With reference to FIGS. 2A-2C, the motor is an electric motor having an output shaft 26 extending from the armature 16A. The output shaft 26 is coupled to the chuck 18 (FIG. 1) through a gear reduction system, which will increase the torque at chuck 18. The motor 16 is preferably a “heavy-duty,” electric motor. In other words, the motor 16 has a high current rating, greater than 8 amps, preferably 9 amps, a high power level, greater than 600 Watts, preferably 640 Watts, and the motor has a large size with a field lamination diameter (D) (FIG. 2C) of at least 65 mm, preferably 73 mm, and a field and armature lamination stack length (L) (FIG. 2B) of at least 30 mm. A motor of the above size provides 10-12 in-lbs of torque, which is typically necessary for heavy-duty mixing, and with a gear reduction mechanism 30 having a gear reduction of approximately 1 to 40 is capable of providing a maximum torque at the chuck which is greater than 580 in-lbs, preferably 595 in-lbs. It should be appreciated, however, that various other sized motors may be employed with the present invention. The drill 10 has a larger, heavier construction than previous variable speed drills, including a weight greater than 5.5 pounds, preferably 7.5 pounds or greater 9
  • [0020]
    Turning now to FIG. 3, an electronic diagram of the variable speed switch 24 and the motor 16 is generally indicated by reference numeral 100. The electronic diagram 100 illustrates how the power from the cord 19 is transferred to the field windings 16B of the motor. In the example provided, the variable speed switch 24 includes a variable power module 102 located therein. The variable power module 102 is connected between a power source via the cord 19 and the motor 16.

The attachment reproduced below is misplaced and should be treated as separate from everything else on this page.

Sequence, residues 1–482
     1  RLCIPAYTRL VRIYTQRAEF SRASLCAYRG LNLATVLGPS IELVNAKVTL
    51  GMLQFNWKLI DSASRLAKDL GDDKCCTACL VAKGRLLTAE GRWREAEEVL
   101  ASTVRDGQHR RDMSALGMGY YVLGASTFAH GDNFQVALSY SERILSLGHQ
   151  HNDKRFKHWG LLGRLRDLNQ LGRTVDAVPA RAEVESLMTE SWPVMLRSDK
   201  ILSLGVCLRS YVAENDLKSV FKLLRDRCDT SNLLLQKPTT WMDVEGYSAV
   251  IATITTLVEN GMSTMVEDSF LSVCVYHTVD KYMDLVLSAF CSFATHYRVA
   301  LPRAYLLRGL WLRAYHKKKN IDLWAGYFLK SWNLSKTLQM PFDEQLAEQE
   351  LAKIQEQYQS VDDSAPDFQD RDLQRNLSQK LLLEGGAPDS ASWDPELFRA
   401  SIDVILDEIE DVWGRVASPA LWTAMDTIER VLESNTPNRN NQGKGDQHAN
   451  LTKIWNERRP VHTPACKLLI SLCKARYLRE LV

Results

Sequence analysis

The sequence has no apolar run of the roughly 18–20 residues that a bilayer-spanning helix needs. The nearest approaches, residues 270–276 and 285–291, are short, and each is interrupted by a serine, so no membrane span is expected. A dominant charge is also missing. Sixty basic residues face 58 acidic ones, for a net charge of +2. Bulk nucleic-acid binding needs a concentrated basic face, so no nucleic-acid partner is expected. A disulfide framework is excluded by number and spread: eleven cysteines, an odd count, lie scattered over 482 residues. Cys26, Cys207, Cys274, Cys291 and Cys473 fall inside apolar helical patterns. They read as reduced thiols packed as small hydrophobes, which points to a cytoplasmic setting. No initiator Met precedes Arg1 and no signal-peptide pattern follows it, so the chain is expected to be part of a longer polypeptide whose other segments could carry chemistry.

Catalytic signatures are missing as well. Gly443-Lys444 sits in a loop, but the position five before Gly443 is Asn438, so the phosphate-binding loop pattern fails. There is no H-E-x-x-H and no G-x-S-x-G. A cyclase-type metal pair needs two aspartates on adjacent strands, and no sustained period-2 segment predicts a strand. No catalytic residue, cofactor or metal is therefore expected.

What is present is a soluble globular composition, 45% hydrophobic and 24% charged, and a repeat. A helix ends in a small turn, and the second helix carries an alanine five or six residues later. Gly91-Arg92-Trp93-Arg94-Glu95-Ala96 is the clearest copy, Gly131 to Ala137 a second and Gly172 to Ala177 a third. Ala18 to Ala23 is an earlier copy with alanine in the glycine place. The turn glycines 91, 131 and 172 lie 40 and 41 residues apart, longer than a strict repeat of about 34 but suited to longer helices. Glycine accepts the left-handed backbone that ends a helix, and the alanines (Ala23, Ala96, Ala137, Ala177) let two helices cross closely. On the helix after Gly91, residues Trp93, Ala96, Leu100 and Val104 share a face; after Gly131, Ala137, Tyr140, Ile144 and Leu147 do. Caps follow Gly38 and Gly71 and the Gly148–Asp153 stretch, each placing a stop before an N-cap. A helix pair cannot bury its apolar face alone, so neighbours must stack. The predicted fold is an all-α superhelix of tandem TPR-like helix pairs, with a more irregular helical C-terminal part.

• [0021]
    During operation of the variable speed drill 10, power received from the cord 19 is communicated through the variable power module 102. By moving the switch 24 into various positions, the switch 24 in turn sets the variable power module 102 to provide variable power flow into the motor 16 to achieve variable speeds. Accordingly, the rotational output of the motor 16 and hence the rotational speed of the paddle 20 may then be governed by simply setting the position of the variable speed switch 24. The graph of FIG. 4 shows plot of trigger travel vs. output voltage and shows that the output voltage ranges between a low power position A and a “full power” position B with the trigger travel. The drill 10 preferably has a maximum speed less than 550 RPM. In the “low power” position, only a fraction of the power supplied from the cord 19 is transferred to the motor 16. In the “full power” position, full power is supplied from the cord 19 to the motor 16. It should be appreciated that any number of switch positions may be employed with the present invention to provide a range of rotational speeds to the paddle 20. Variable output power modules of this type are known.
  • [0022]